Mearn
v.
Town of Milton

Not overruled or negatively treated on appealinfoCoverage
COMMONWEALTH OF MASSACHUSETTS APPEALS COURTAug 5, 2016
55 N.E.3d 434 (Mass. App. Ct. 2016)
55 N.E.3d 43489 Mass. App. Ct. 1136

No. 15–P–1064.

08-05-2016

Kevin J. MEARN v. TOWN OF MILTON.


MEMORANDUM AND ORDER PURSUANT TO RULE 1:28

The plaintiff, Kevin J. Mearn, appeals from a grant of summary judgment in favor of the defendant, the town of Milton (town), his former employer. The plaintiff's underlying claims against the town include breach of contract and breach of the implied covenant of good faith and fair dealing, as well as a request for declaratory relief. The claims all arise out of a dispute over whether the plaintiff was entitled to a severance payment. We affirm the judge's decision, concluding that the contractual obligation to make the severance payment ended when the contract expired.

Background. The following facts are taken from the summary judgment record, viewed in the light most favorable to the nonmoving party. See Pugsley v. Police Dept. of Boston, 472 Mass. 367, 370–371 (2015). The plaintiff was hired by the town's board of selectmen (board) in May, 2007, and began working as the town administrator. The terms of his employment were dictated by three sequential written employment contracts. His final contract, the contract at issue here, encompassed a one-year term beginning on July 1, 2011, and ending on June 30, 2012 (2011–2012 contract). Concerning extension or renewal of the plaintiff's employment, the 2011–2012 contract provided that “the Board shall have the option to vote to extend further the term of this agreement,” and the contract “may be reopened for discussion and modification of its terms and conditions upon mutual written agreement by the Board and the Town Administrator.” The 2011–2012 contract included an integration clause specifying that the contract contained the entire agreement between the parties. Additionally, the 2011–2012 contract included a severance clause, which provided that the plaintiff would receive a lump-sum payment if he was terminated without cause while under contract. The severance clause provided in pertinent part:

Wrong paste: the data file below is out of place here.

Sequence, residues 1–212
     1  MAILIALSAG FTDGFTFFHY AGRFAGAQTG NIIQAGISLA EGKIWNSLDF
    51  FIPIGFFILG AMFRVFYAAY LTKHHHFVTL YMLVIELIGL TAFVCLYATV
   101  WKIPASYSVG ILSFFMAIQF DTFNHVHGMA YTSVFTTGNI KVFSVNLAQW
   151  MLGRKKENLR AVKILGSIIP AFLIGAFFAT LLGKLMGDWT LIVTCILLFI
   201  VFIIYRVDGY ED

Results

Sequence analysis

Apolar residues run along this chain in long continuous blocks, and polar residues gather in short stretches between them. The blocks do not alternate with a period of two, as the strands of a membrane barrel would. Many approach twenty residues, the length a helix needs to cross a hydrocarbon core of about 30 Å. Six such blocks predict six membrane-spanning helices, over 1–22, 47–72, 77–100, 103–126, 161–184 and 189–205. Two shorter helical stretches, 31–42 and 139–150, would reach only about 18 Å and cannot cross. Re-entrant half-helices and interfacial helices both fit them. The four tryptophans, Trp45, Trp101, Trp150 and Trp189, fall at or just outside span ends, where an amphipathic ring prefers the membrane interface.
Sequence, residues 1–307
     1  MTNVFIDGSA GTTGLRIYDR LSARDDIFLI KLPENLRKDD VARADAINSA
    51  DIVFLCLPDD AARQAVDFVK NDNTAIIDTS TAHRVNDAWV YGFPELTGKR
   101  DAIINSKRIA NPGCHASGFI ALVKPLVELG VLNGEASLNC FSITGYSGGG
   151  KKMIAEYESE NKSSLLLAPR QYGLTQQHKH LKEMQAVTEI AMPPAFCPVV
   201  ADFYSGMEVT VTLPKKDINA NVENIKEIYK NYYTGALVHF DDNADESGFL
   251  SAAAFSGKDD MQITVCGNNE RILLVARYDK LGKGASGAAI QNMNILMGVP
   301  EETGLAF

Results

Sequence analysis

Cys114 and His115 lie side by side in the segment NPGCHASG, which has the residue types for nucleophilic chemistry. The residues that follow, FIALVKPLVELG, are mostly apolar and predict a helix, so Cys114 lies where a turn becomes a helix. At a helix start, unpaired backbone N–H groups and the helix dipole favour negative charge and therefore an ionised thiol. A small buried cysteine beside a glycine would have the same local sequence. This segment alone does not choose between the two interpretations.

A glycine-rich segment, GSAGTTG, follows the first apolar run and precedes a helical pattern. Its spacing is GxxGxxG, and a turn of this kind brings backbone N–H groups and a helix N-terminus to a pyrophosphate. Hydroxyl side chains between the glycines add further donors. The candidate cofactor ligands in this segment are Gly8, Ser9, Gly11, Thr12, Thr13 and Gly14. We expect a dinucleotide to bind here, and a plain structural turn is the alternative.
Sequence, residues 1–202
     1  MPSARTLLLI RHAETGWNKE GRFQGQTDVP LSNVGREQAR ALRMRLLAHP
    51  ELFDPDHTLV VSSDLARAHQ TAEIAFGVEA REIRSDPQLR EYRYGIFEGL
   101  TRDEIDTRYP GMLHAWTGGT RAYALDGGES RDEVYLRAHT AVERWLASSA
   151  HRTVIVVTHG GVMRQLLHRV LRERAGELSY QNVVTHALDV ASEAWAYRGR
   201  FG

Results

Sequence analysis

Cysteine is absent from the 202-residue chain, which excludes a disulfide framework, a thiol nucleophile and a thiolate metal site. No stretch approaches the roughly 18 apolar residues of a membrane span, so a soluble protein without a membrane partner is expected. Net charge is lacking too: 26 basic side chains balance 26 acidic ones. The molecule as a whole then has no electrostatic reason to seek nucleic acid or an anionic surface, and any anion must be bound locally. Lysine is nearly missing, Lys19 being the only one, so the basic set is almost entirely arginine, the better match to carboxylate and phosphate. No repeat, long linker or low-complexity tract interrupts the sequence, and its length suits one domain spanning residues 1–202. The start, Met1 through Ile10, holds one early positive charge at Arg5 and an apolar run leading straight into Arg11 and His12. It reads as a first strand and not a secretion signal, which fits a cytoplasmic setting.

The integration clause in the 2011–2012 contract states:

“This writing contains the entire agreement between the Town Administrator and the Town. There have been no inducements, promises, terms, conditions or obligations made or entered into by either party other than those set forth herein. No modification or addition to this agreement shall be effective unless and until set forth in writing and executed by both parties.”


“In the event that the Town Administrator is terminated by the Town without cause during the term of this agreement or any extension hereof, the Town shall pay to the Town Administrator ... a lump sum equal to the number of weeks salary remaining between the date of termination and the last day of the fiscal year or six (6) month's aggregate salary, whichever is more. If the Town Administrator is terminated by the Board for cause or if this Agreement is not renewed, then in either event the Town shall have no obligation to pay such lump sum.”

The plaintiff's 2011–2012 employment contract expired on June 30, 2012. Prior to its expiration, the board did not vote to renew the contract, and there was no discussion or written agreement between the parties to modify the 2011–2012 contract. Despite the contract expiring, and without a replacement contract, the plaintiff continued his duties as town administrator. During that time, he received a salary and accrued benefits equivalent to what he had earned under the 2011–2012 contract.